I was commissioned to create a full arm tattoo. I've never designed tattoos, much less an entire arm. It's amazing how intricate the designs can become. This is a rough drawing with approximate proportions.
left - back view
right - side view
Friday, May 21, 2010
Thursday, May 20, 2010
For more than 30 years I have boated, fished, swam, and explored the Gulf of Mexico. This oil spill is tragic.
Some of the fishes of the Gulf of Mexico include Bonita, Spanish mackerel, blacktip shark, speckled trout, sand trout, kingfish, redfish, gaftop catfish, vermillion snapper, grouper, croaker, ladyfish, skipjack, rockfish, sand trout, wahoo, barracuda, cobia ling, sheepshead, sand shark, pilot fish, dorado dolphin, pompano, yellow fin tuna, tiger shark, flying fish, mullet, snook, nurse shark, red snapper, pinfish, sunfish, blowfish, ribbonfish, flounder, sail fish, jackfish, black drum, white drum, tarpon, marlin, manatee, sea lion, porpoise, sea turtle.
Tuesday, May 18, 2010
Monday, May 17, 2010
Traveling from Boston to Austin. I'm the person who insists on a window seat and then has to make a few trips to the restroom. And I come back to my seat with a fresh cup of coffee. And then I have to wake up the seat mates to get out again. Shouldn't there be some kind of ejector system built into the middle and window seats so we don't disturb the aisle seat person?
The flight was long enough to sketch and ink this drawing while flying. Luckily, I pencil'd in the colors for later reference. The landscape changed from rolling farmland of Pennsylvania, to wooded mountains of West Virginia and Tennessee.
Friday, May 14, 2010
When the storm rolled in at sunrise, the sky glowed like a fresh bruise. Yellow and orange, deep green and blue. It ominously foreshadowed what came next...lightning and booming thunder all around. The bolts were searing white with electric blue edges. I sat on the porch and sketched this after the power went out. This happens often during storms. Who needs electronic technology when there's Nature's light show?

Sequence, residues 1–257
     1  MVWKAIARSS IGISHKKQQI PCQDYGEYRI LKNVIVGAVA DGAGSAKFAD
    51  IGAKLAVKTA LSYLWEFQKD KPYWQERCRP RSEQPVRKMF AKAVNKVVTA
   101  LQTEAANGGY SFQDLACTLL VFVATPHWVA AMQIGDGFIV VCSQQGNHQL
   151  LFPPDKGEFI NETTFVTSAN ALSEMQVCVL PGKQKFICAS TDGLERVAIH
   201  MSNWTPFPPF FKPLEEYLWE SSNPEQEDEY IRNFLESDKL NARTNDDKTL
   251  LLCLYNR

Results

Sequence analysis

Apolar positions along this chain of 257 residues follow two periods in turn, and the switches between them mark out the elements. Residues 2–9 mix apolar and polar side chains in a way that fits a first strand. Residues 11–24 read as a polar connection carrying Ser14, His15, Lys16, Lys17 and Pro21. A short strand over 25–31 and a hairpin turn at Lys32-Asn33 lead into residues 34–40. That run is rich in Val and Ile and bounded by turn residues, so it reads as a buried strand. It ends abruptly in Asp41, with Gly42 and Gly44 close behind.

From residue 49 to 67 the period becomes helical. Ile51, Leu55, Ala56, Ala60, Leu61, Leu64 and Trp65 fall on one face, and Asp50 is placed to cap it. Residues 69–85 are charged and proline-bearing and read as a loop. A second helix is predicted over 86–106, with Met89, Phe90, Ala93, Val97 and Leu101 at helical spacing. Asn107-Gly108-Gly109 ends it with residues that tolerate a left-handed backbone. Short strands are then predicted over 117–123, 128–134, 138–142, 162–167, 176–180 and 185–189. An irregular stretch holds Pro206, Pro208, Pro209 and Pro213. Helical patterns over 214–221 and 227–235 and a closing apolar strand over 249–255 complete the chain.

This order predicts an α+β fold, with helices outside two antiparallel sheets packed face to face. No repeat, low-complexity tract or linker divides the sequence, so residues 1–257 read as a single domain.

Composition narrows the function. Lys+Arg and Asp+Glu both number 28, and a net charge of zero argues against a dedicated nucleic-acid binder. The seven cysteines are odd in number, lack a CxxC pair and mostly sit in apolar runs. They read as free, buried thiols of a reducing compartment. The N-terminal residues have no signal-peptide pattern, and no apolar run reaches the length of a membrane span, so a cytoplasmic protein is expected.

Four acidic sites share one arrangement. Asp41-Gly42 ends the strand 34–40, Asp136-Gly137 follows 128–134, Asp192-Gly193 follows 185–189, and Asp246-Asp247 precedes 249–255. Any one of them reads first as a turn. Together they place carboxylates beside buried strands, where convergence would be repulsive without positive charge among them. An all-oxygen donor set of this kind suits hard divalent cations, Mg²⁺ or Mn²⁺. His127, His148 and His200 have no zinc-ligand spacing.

We have a huge deer population in the Hill Country. For several years I've been feeding and befriending a family. This mother and her yearling come by every day for handouts of carrots, apples, and corn tortillas. She comes up to my porch and peers in the window until I bring food. They are highly entertaining and often downright funny. This deer is pregnant, so it will be interesting to see how she reacts to her ever-present yearling when the fawns arrive. I don't get close enough to touch them, nor do I give them names. But I do love observing them from a few feet away.
Thursday, May 13, 2010
Tuesday, May 11, 2010
Sunday, May 9, 2010
Nine years ago I read the Moby Dick novel with rie Anderson performed her multi-media "Songs and Stories of Moby Dick", I attended not once, but twice. First was the kick-off of the tour in Dallas. Months later, a friend and I flew to New York for the final night's performance of the tour. I was hooked on reading about the great whaling era in New England.
So on a recent visit to New Bedford, I could really feel the history of the town. I've dreamt about it too. Ahoy there, Matey!
If you're curious, have a look at Laurie Anderson's website. She has been an ongoing creative inspiration to me for many years.
Wednesday, May 5, 2010
Monday, May 3, 2010
Sunday, May 2, 2010
This tree is no more than 200 yards from my house. I walk past it and sometimes stop to look at it. I've never climbed it but would definitely have been up there when I was a kid. Back then, I loved making forts and hidden 'secret' places in the woods of Virginia. I revered nature in the early years, as I always will.
Saturday, May 1, 2010
Perkins Cove lobster boats. When I was in the 5th and 6th grades, I lived in Virginia. Our American and Virginia history teacher would set aside lecturing of Fridays to let us draw pictures from the history book. For some reason, I feel like I'm back in that class while drawing these New England sketches.
Wednesday, April 28, 2010
The Old Manse house is next to the battle field of the first Revolutionary War encounter in Concord, Massachusetts. This was also a meeting place for Ralph Waldo Emerson, Nathaniel Hawthorne and Henry David Thoreau.